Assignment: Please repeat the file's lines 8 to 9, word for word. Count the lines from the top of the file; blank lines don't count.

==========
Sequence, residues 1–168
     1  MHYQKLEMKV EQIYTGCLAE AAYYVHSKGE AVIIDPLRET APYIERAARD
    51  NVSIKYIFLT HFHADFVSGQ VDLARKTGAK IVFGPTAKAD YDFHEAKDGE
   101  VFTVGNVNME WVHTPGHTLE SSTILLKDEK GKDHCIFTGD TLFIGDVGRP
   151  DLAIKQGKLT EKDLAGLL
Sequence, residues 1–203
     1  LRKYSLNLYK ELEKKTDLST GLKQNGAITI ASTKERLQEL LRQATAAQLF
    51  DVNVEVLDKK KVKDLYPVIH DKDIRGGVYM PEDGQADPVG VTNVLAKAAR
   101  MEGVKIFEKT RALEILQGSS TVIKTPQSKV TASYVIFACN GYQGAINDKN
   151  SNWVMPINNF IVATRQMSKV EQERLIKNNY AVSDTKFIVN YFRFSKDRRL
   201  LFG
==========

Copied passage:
    51  DVNVEVLDKK KVKDLYPVIH DKDIRGGVYM PEDGQADPVG VTNVLAKAAR
   101  MEGVKIFEKT RALEILQGSS TVIKTPQSKV TASYVIFACN GYQGAINDKN